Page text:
around,” goalie Martin Brodeur said after the Devils’ brief

workout at the Kings’ training complex Sunday. ”I think we’re

going the right direction. We’re playing well. We’re not getting

outplayed. We’re in a position to turn this series around.”

Even the Kings realize New Jersey’s play so far would win many

series. It hasn’t been enough in this one, but it’s far from

finished.

”Jersey has been really successful on the forecheck against

us,” said Kings captain Dustin Brown, who went scoreless in New

Jersey and hasn’t scored a goal since the opener of the Western

Conference finals. ”They’ve been more successful than any team

against us. We’re probably spending more time in our defensive zone

against them than any other team. They’re really making it tough on

us.”

New Jersey outplayed Los Angeles for long stretches of its 2-1

overtime loss in Game 2, but the Devils were denied by Quick’s

goaltending and that crossbar, which got in the way of Ilya

Kovalchuk’s open shot with about 18 seconds left in regulation

after Brown’s atrocious giveaway nearly handed the game to New

Jersey.

The Devils also can draw solace from the fact that an 0-2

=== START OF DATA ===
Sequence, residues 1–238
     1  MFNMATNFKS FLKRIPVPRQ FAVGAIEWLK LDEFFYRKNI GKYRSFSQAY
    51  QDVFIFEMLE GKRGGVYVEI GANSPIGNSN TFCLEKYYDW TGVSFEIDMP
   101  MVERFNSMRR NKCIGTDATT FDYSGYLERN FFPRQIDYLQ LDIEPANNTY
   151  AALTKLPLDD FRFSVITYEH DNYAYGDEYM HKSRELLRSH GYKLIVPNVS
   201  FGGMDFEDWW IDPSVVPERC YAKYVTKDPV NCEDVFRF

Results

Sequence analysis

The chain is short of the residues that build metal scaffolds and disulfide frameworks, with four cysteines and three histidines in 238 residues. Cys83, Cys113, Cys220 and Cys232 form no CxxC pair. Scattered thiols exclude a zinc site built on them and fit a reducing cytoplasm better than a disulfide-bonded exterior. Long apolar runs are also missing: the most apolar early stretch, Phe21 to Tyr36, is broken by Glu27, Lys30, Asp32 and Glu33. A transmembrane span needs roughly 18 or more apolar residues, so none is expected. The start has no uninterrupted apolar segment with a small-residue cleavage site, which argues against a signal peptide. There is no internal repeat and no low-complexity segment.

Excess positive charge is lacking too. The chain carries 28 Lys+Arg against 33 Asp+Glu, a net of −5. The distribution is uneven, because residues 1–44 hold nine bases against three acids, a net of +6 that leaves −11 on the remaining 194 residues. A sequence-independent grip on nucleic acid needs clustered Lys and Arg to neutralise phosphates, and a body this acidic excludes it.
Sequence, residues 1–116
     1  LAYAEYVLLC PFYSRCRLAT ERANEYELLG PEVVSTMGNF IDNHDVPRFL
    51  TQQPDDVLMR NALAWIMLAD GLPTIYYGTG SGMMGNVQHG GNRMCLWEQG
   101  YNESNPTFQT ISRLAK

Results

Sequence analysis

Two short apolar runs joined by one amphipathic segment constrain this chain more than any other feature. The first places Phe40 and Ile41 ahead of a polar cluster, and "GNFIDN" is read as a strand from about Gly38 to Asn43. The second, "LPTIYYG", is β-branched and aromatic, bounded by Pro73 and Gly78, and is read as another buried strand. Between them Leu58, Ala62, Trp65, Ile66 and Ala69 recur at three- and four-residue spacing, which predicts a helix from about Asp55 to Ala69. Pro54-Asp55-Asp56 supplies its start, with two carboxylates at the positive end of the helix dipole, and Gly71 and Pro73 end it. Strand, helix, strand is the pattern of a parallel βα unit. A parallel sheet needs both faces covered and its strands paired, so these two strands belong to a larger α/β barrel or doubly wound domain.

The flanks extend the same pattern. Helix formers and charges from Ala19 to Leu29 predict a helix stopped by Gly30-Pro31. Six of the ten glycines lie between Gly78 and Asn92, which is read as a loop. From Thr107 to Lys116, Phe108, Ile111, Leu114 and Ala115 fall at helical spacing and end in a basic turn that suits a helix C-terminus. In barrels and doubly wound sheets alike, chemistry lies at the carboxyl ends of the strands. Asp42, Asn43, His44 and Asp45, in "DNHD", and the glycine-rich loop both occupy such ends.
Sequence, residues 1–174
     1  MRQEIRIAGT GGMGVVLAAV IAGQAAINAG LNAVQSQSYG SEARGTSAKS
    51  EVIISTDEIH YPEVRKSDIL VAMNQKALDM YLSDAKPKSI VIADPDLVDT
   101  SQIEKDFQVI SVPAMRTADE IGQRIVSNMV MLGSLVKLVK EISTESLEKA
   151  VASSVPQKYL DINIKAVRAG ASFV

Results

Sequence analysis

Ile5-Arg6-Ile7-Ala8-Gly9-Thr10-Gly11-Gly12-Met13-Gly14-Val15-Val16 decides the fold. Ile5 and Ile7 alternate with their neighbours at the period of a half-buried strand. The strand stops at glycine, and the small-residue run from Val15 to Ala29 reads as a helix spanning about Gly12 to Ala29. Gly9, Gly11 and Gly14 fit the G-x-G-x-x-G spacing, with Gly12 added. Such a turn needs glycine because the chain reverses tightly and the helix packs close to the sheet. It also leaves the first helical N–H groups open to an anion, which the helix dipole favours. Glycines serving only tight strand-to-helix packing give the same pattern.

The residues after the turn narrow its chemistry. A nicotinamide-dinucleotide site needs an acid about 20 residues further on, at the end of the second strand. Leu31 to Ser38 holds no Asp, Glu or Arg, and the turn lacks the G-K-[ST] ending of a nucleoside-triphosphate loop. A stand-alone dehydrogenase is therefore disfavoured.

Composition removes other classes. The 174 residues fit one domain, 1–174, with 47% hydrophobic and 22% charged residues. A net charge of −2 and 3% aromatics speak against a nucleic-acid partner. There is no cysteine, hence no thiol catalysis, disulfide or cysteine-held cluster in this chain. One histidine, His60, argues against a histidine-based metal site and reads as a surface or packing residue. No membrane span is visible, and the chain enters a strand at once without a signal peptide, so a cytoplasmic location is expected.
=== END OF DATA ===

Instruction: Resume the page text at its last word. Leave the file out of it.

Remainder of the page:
comeback in the finals was accomplished just last year by the

Boston Bruins, who won four of the final five games to take the

Stanley Cup from the Vancouver Canucks.

”We’ve always been able to bounce back, and that’s what we’ll

try to do,” forward Travis Zajac said. ”We’re not going to get

out of position and try to do too much because we’re behind. We’ve

been behind in a series before, and come back and won it

before.”

But the Kings have shown no serious signs that this 7 1/2-week

run of spectacular postseason play is about to end. Look at it this

way: The Kings haven’t even fallen behind in eight of their last 10

games, trailing only in the final two games of the Western

Conference finals against Phoenix.

The last four games of Los Angeles’ postseason have been its

toughest stretch, with a shutout loss to the Coyotes followed by

three straight overtime victories. But the Kings always seem to

find the right matchup, make the right change and get the lucky

break that puts them through to the next stage, outscoring their

opponents 45-24 along the way.

This is just not normal to the long-suffering fans of the Kings,

who still remember how their only other appearance in Game 2 of the

Stanley Cup finals went wrong when Marty McSorley was penalized for

an illegal stick in 1993. The Kings lost that game and the next

three to Montreal, and they haven’t been back to the finals

since.

In fact, they had won one playoff series in the past 17 seasons

before this charmed summer when everything changed.

Even with two wins still to go, the Kings realize they’ve made

history.

”It’s been a long time for these guys,” said Carter, who

arrived in February in a trade that reunited him with Richards, his

friend and longtime Flyers teammate. ”I think it would mean the

world to this franchise. They’ve done a great job of sticking to

the plan here and building this organization, and this would be the

reward.”